What is an edge router?


Quick definition: An edge router is a component of network infrastructure that operates at the “edge” of a network to connect it to the public Internet or a Wide Area Network (WAN) such as a cellular network. It enables remote access from outside the network, secures data transmissions to and from the network, and helps prioritize communications to improve service.

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Edge routers represent the border crossing between internal and external networks, protecting your internal network devices, applications, infrastructure, and data from unauthorized external communications.

The term “edge router” is less about a specific type of router and more about its function.

However, the fact that edge routers perform specific jobs informs the types of routers which are best suited to serve as edge routers. For example, you can technically use software to create a “virtual edge router,” but the underlying hardware would likely limit its quality.

And when you’re managing a network for a business, you want purpose-built components to keep operations running smoothly—especially if your network includes Internet of Things (IoT) devices.

IoT deployments often include specialized routers, which can be edge routers or core routers depending on their role in the network.

This article will clarify what sets an edge router apart and its benefits to networks in general, and IoT businesses in particular.

What’s the difference between an edge router and a core router?

On a basic level, a core router is at the center of a network and facilitates internal communications between network entities, while an edge router is at the outer border of the network, facilitating communications between internal and external network entities that are typically separate and distinguishable.

DALL·E 2023-12-20 13.22.29 - A detailed illustration of a computer network. At the center, theres a large, labeled core router. Connected to this core router are various devices_

All communication goes through the core router, but when the communication is going between networks, the edge router serves as a buffer.

A core router will often prioritize speed and minimize congestion and packet loss because it has to handle a significant volume of data and keep transmissions moving smoothly. It also has fewer threats to manage.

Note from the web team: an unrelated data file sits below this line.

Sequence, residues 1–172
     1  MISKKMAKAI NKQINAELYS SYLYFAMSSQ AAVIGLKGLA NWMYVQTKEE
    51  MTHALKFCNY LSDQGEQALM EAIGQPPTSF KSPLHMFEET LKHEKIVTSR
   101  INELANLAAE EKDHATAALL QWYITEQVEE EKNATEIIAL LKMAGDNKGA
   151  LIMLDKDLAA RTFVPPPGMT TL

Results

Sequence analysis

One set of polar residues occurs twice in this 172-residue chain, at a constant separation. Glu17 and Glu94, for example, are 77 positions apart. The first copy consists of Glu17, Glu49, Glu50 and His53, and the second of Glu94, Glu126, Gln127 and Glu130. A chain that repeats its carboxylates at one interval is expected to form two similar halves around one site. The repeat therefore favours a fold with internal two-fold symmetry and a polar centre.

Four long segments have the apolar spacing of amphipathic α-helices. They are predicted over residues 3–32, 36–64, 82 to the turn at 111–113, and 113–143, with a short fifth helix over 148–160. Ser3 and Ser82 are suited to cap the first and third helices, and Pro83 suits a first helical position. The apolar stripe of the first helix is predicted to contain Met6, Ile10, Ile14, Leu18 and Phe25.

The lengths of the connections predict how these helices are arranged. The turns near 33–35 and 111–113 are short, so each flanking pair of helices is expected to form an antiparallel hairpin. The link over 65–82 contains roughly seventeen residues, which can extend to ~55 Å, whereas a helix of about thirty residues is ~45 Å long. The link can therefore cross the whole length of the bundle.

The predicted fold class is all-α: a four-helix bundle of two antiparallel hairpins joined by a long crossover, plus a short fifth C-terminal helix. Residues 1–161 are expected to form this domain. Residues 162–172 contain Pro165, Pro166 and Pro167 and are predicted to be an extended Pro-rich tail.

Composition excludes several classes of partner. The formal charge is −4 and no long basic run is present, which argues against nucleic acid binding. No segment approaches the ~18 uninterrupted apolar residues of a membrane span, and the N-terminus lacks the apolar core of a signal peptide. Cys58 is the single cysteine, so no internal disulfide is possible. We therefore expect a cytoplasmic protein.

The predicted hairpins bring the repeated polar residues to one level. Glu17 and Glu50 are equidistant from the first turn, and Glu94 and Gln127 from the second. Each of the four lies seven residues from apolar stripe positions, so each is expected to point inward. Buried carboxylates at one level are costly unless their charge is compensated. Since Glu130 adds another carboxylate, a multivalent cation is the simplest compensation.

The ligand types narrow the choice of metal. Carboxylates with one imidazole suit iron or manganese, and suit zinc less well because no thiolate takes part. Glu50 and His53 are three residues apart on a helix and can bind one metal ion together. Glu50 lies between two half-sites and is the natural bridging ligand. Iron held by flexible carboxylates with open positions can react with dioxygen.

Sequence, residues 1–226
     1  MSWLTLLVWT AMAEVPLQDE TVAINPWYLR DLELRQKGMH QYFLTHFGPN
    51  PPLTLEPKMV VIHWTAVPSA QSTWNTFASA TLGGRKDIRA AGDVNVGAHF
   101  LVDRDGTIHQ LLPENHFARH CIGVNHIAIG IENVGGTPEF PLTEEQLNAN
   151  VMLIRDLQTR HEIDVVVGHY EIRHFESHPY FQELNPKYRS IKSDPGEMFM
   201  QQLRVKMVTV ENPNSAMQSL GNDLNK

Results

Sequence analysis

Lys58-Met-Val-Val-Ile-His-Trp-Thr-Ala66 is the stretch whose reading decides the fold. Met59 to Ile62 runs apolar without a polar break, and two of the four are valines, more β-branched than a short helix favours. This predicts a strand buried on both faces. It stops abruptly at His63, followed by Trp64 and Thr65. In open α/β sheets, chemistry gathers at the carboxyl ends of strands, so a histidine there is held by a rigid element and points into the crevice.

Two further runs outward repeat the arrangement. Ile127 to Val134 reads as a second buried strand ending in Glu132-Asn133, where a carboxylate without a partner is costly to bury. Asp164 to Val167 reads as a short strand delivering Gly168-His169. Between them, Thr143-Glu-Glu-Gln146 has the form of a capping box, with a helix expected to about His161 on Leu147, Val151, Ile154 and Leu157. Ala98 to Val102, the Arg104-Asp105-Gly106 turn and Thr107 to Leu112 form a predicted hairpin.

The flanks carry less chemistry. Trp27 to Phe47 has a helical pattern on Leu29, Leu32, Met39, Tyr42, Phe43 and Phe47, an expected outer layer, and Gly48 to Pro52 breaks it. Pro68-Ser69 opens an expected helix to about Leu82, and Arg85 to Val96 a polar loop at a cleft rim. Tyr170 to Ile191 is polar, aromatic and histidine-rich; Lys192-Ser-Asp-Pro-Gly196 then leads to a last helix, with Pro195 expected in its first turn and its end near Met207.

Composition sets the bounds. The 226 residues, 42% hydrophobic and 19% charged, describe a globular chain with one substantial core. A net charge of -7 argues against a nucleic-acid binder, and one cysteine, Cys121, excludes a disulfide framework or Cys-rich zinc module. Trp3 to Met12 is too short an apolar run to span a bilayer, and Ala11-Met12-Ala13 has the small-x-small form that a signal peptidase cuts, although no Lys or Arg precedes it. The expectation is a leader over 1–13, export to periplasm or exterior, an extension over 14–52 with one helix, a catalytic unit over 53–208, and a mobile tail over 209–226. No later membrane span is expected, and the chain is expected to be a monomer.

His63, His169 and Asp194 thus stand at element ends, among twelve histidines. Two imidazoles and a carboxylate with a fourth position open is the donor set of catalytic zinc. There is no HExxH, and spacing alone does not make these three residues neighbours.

But an edge router prioritizes security, and may deal with a significantly lower volume of transmissions but more unique threats and complex interactions.

Imagine you’re going to a bar. Before you enter, you have to show your ID to a bouncer, who verifies its authenticity and may inspect you before letting you join the rest of the patrons. This same person may also help ensure those inside the bar comply with local regulations. For example, in some cities, patrons cannot take drinks outside, and the bouncer would help prevent this.

This is an edge router’s job in a network—it protects the internal network entities by governing interactions with external network entities.

Edge routers may at times slow down interactions because they have to implement security protocols and queues to ensure these communications are authorized. They may even prioritize certain types of transmissions or communications from certain entities, like a VIP line.

The core router is more like the head bartender or manager—it facilitates, enables, and optimizes all of the interactions between patrons, staff, and the bar itself. In a network, the core router streamlines internal communications between networked computers, smartphones, servers, and IoT devices.

In IoT deployments, the role of edge routers can be multifaceted. While it’s not uncommon for a single router to serve both core and edge functions in smaller networks, larger and more complex deployments often require dedicated edge routers for specific tasks. A notable example is in industrial IoT applications, where edge routers are crucial for aggregating and transmitting bulk data.

This is particularly important when IoT devices generate substantial data that needs to be sent securely and efficiently to a central system or cloud infrastructure. The choice of router, and its configuration, heavily depends on the type of IoT deployment and the connectivity requirements of the devices involved. 

Some IoT devices integrate directly into the end user’s local network via Wi-Fi or Ethernet. In contrast, others, particularly in industrial settings, require the robust and high-capacity data handling capabilities of an edge router to communicate with external networks such as cellular solutions.